State News : North Carolina

NWCDN is a network of law firms dedicated to protecting employers in workers’ compensation claims.

NWCDN Members regularly post articles and summary judgements in workers’ compensations law in your state.  

Select a state from the dropdown menu below to scroll through the state specific archives for updates and opinions on various workers’ compensation laws in your state.

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North Carolina



David Gray was working as a truck driver for UPS when he suffered a fatal heart attack. The claim was denied and, after a hearing, the Deputy Commissioner found the death compensable. The Full Commission affirmed. InGray v. UPS, 713 S.E.2d 126 (2011), the Court of Appeals affirmed in part and remanded the case to the Full Commission to enter findings on whether Defendants had successfully rebutted thePickrell presumption. Decedent’s widow filed a Petition for Discretionary Review and Petition for Writ of Certiorari to the North Carolina Supreme Court, both of which were denied. The Full Commission then entered an Opinion and Award denying the Mrs. Gray’s claim for death benefits and she appealed.

On March 19, 2013, in Gray v. United Parcel Service, Inc.,the Court first considered whether the Full Commission erred in concluding that decedent’s death was not compensable. In rejecting this argument, the Court found that the decedent’s autopsy listed the cause of death as coronary atherosclerosis, and Defendants’ expert witness opined that decedent’s fall from his work truck did not cause or contribute to his heart attack. The Court also noted that no evidence was presented that a fall was an accepted cause of a heart attack and as such, the evidence supported the Commission’s finding and conclusion that Mrs. Gray failed to carry her burden of proof to show that her husband’s death was the result of an accident arising out of the course and scope of his employment.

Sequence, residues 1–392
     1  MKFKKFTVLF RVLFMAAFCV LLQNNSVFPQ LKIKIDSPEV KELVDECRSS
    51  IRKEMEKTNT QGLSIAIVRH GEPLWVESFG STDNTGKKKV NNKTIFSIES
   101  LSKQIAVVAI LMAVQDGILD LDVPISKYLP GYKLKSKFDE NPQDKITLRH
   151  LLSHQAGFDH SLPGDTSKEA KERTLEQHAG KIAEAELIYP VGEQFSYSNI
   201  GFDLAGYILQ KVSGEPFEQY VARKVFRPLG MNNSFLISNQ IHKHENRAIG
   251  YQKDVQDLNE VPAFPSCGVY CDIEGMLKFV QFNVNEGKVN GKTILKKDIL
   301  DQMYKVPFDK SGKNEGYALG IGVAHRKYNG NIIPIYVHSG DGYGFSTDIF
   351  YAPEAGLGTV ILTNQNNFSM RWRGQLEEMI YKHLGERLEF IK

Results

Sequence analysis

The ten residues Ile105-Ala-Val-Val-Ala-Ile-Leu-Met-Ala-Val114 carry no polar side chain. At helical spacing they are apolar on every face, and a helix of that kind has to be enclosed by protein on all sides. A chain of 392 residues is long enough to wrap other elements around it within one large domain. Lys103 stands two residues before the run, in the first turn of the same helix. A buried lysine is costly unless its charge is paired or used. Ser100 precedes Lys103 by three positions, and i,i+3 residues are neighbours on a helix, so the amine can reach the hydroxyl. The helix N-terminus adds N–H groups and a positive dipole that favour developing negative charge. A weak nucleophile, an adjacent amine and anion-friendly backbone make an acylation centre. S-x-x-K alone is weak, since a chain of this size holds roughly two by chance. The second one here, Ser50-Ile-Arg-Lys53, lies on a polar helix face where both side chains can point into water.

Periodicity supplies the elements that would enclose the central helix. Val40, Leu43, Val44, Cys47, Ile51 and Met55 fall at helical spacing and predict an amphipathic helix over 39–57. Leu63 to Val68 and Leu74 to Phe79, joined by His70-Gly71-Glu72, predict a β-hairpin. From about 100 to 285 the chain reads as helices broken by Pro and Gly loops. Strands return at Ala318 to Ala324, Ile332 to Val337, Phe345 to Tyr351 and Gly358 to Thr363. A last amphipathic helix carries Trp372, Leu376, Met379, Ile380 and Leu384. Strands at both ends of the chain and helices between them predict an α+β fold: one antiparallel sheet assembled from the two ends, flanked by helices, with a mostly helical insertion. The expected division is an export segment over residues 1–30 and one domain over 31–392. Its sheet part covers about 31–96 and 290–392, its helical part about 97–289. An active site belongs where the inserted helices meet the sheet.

The Court also addressed the issue of whether the Full Commission applied the correct medical causation standard in concluding that Mrs. Gray’s medical expert’s testimony was speculative. The Court recounted that Mrs. Gray’s medical expert admitted that he did not have a medical explanation for Decedent’s fall and the Commission, therefore, reasonably concluded that her expert testimony was speculative and properly relied on medical evidence presented by Defendants.

Risk Handling Hint:

While the Court initially remanded the Gray case back to the Full Commission to consider whether Defendants had successfully rebutted thePickrell presumption, their subsequent holding inGray is yet another reminder that the Full Commission can weigh evidence and make credibility determinations that will not be disturbed on appeal so long as there is some evidence to support the Commission’s findings and conclusions.